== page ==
MCKENNA MORIN; Photo Editor: email@example.com
After tearing her anterior cruciate ligament (ACL) back in March, captain of the Pacific Lutheran University Women’s Tennis team is on her way to recovery, but is out for her final season. The PLU senior who has played tennis all four years, is now putting down the racquet on her road to recovery.
During a third set tie breaker Samantha Lund tore her ACL. Lund was playing for personal points when she went for a “crazy angle ball” served to her by her opponent. Lund had to make the decision to either go for it or risk losing the points and possibly the match.
“It’s my senior year; I’m going to regret not going for every ball,” Lund said.
Making the quick choice of going after it, Lund sprinted to the other side of the court. After touching the ball with her racket, Lund’s knee locked and hyper-extended back, sending her falling forward. But the worst was still to come.
Lying on her back in the middle of the court, Lund said she felt no pain but was worried about the pops. The trainer came over and Lund explained what happened as she got back up. Even though she was in no pain, the trainer told her to stop the match in fear of the worst.
After a few days of feeling fine with little pain, no swelling or bruising and keeping up on her regular activities, Lund went in for a precautionary X-Ray and MRI. When she got the results back, her fear had come true. It was a torn ACL. This would mean surgery, recovery, physical therapy, and most importantly, no tennis for the rest of her senior year.
For any athlete, being taken out of their sport, especially in an important season like senior year, can be devastating. Even though Lund said it can be sad and depressing, she knows she has to push through because at some point she may want to play again.
“Somewhere in the next 50-60 years of my life I’m going to want to play” Lund said.
The hard part is being a senior and not having time to get better to play again. But Lund knows it could have been worse. After making the documentary “INjured and OUT” last year, on athletes who became injured and can no longer play their sport for the rest of their life, Lund said she feels lucky to know that this injury is temporary. Hearing it and experiencing it are two very different things. Lund said while making the documentary, people would tell her about being depressed and sad but she could only sympathize. Now Lund is experiencing the same struggles and can empathize with the athletes she worked with.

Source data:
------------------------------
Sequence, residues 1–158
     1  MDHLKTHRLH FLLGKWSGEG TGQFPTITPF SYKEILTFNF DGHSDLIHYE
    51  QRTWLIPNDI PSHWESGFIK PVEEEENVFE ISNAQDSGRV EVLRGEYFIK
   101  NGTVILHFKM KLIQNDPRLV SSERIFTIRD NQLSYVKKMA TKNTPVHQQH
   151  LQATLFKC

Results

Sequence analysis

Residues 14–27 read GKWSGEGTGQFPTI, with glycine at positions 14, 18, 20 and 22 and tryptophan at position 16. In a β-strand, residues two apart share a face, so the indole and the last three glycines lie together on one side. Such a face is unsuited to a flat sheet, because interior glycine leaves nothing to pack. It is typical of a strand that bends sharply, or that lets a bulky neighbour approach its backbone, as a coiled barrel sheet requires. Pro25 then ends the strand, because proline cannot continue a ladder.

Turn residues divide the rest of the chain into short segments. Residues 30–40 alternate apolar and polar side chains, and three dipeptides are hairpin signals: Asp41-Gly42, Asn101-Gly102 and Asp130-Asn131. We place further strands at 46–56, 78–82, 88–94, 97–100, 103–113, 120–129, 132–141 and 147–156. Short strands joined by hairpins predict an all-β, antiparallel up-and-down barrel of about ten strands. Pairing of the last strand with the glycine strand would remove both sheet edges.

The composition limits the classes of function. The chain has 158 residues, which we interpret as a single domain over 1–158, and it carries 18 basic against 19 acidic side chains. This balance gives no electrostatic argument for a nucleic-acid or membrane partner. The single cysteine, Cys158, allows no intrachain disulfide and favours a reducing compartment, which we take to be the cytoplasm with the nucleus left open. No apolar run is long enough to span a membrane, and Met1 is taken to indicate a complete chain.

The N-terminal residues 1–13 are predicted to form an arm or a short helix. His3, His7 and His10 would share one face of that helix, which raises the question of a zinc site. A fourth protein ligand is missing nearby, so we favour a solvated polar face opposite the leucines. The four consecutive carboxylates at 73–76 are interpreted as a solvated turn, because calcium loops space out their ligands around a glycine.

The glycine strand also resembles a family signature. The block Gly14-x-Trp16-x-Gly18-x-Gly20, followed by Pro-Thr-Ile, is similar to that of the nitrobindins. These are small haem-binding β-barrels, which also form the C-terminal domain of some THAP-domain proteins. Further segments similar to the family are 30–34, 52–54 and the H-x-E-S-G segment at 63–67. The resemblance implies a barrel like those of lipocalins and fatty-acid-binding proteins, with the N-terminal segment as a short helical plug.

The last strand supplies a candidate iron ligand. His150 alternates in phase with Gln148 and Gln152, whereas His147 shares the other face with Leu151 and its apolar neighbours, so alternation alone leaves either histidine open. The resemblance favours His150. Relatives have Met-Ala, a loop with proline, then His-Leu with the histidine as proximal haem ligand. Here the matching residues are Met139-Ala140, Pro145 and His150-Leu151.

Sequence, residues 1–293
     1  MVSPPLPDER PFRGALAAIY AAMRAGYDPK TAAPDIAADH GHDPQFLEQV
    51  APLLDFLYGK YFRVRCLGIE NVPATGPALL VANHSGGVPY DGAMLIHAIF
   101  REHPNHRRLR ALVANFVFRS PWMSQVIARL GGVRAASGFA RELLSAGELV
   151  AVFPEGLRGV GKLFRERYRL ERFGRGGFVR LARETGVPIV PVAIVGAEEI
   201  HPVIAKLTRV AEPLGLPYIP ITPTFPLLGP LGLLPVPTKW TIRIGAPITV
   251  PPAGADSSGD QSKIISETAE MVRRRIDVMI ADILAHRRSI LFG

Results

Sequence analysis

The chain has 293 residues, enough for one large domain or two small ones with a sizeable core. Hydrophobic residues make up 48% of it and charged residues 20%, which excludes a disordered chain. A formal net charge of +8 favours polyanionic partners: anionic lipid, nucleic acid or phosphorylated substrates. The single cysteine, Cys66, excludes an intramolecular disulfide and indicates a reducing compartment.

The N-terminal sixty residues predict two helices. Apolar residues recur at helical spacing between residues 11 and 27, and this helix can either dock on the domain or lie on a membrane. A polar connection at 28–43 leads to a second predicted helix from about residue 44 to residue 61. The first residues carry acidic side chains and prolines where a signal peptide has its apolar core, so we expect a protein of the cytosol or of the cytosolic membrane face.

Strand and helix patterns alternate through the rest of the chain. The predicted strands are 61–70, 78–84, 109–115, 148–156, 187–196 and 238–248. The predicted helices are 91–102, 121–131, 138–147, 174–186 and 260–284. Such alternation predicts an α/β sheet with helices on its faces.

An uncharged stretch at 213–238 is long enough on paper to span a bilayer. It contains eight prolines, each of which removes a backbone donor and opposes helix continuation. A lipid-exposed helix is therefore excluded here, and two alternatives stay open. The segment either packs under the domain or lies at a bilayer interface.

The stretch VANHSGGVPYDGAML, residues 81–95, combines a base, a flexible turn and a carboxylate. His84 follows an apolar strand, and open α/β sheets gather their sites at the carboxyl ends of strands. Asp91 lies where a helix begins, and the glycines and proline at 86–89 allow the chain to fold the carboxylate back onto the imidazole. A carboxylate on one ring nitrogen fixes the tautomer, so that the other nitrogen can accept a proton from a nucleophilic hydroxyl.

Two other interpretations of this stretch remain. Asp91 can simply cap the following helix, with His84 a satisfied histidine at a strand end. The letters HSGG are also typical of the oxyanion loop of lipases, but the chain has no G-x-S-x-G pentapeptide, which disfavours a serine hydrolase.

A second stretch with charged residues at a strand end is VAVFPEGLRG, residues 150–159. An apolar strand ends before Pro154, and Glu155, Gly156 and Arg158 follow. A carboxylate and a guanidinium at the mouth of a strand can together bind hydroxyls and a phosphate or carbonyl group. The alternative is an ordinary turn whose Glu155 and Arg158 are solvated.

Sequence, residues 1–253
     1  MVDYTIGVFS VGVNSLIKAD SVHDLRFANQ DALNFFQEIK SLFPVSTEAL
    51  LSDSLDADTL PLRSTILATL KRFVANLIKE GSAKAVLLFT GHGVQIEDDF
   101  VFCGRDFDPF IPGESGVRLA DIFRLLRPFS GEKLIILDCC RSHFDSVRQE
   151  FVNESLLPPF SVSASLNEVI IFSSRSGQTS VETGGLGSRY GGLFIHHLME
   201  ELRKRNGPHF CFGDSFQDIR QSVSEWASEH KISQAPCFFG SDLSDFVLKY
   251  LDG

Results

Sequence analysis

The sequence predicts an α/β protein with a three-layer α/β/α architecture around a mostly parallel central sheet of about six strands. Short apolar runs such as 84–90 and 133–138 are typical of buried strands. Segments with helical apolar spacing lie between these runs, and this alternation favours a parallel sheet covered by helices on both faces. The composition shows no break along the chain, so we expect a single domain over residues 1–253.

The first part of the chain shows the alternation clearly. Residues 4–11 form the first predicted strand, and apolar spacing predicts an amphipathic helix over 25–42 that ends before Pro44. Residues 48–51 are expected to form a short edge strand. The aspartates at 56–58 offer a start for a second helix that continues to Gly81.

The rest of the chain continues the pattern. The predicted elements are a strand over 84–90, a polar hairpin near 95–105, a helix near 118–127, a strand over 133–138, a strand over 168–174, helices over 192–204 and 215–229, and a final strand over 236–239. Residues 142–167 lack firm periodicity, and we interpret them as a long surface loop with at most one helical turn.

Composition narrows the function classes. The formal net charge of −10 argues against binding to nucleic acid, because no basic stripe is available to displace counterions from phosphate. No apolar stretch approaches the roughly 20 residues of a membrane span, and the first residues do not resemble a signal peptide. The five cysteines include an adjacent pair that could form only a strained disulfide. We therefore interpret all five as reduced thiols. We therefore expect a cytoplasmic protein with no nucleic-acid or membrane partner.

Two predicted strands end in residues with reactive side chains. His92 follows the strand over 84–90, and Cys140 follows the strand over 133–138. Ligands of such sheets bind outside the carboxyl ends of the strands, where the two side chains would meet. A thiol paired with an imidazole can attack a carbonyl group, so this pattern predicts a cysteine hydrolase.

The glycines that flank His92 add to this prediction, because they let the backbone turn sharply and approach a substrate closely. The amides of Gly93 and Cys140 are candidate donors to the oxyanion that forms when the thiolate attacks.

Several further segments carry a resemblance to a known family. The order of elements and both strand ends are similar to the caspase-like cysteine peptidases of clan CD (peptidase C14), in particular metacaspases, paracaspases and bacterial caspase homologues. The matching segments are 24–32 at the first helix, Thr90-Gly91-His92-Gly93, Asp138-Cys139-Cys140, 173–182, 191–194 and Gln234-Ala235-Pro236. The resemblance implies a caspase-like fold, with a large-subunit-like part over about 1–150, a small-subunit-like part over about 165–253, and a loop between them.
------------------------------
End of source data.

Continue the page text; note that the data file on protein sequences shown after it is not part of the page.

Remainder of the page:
“It was really hard for me at night. You’re lying there and it just feels very different to not feel like yourself,” Lund said.
Being an athlete for most of her life, losing tennis was like losing part of herself. Lund was still able to attend practice but couldn’t participate. As captain, Lund had to motivate her teammates to continue on and do their best, while she did her best to deal with the mix of emotions she was feeling from not playing.
“It’s weird to go day by day trying to figure out who you are because you’re not an athlete anymore.” Lund said, “You’re something different. It’s difficult because you get into your own brain about it”.
Lund found it easier to stay positive when she was put in front of people, her team, her friends, her coaches. Staying positive was a lot easier for Lund when people were looking at her.
Lund isn’t the only athlete who has been injured playing her sport. According to the “Morbidity and Mortality Weekly Report” from the US Department of Health and Human Services/Centers for Disease Control and Prevention, the average annual national estimate of the number of athlete-exposures and injuries is 35,333,250 athletes. Women’s tennis averages 663,630 injured athletes per year.
PLU athletes are contributors to this large number. Senior Kellen Westering is a PLU football player who was recently injured and has been injured many times before. Westering has had the same struggles as Lund. He has been taken out of games and practice due to injury and has dealt with the emotional roller-coaster that comes with being out. Westering took solace in being the team cheerleader when he couldn’t play.
“It makes me appreciate just being able to practice. It teaches you not to take anything for granted,” Westering said .
Lund had to learn how to be the best cheerleader for her team, just like Westering. As captain and the only senior, Lund had to put on a smile and make sure her team got to their full potential, even without her. Lund had fully embraced the saying “fake it till you make it” to help her accomplish this.
“It’s one of the easiest things to stay strong for other people than it is to stay strong for yourself,” Lund said.
Lund pushed through the sadness by staying motivated for her future in tennis and for those around her. Even though Lund said it’s hard to ask for help and rely on others, she is slowly rebuilding her strength. She is finding new ways to stay positive for her team and herself. Lund is getting stronger emotionally, mentally and physically with hopes to return to tennis in the future.